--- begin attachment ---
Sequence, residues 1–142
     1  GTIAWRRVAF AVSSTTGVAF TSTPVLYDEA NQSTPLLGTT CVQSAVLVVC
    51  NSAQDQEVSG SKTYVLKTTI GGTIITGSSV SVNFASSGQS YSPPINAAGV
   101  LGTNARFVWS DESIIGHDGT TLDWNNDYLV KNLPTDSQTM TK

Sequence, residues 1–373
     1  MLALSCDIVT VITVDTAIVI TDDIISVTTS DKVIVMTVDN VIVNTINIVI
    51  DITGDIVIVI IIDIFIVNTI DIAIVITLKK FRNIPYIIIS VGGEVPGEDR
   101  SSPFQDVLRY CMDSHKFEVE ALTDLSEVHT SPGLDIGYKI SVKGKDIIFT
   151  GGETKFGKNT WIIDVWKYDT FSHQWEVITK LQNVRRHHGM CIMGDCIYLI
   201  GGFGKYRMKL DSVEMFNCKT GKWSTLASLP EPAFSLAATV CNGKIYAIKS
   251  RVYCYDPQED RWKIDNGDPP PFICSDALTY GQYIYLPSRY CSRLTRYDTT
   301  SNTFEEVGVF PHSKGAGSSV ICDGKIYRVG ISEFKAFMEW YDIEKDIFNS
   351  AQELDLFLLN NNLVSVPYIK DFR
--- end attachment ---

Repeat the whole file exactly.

Sequence, residues 1–142
     1  GTIAWRRVAF AVSSTTGVAF TSTPVLYDEA NQSTPLLGTT CVQSAVLVVC
    51  NSAQDQEVSG SKTYVLKTTI GGTIITGSSV SVNFASSGQS YSPPINAAGV
   101  LGTNARFVWS DESIIGHDGT TLDWNNDYLV KNLPTDSQTM TK

Sequence, residues 1–373
     1  MLALSCDIVT VITVDTAIVI TDDIISVTTS DKVIVMTVDN VIVNTINIVI
    51  DITGDIVIVI IIDIFIVNTI DIAIVITLKK FRNIPYIIIS VGGEVPGEDR
   101  SSPFQDVLRY CMDSHKFEVE ALTDLSEVHT SPGLDIGYKI SVKGKDIIFT
   151  GGETKFGKNT WIIDVWKYDT FSHQWEVITK LQNVRRHHGM CIMGDCIYLI
   201  GGFGKYRMKL DSVEMFNCKT GKWSTLASLP EPAFSLAATV CNGKIYAIKS
   251  RVYCYDPQED RWKIDNGDPP PFICSDALTY GQYIYLPSRY CSRLTRYDTT
   301  SNTFEEVGVF PHSKGAGSSV ICDGKIYRVG ISEFKAFMEW YDIEKDIFNS
   351  AQELDLFLLN NNLVSVPYIK DFR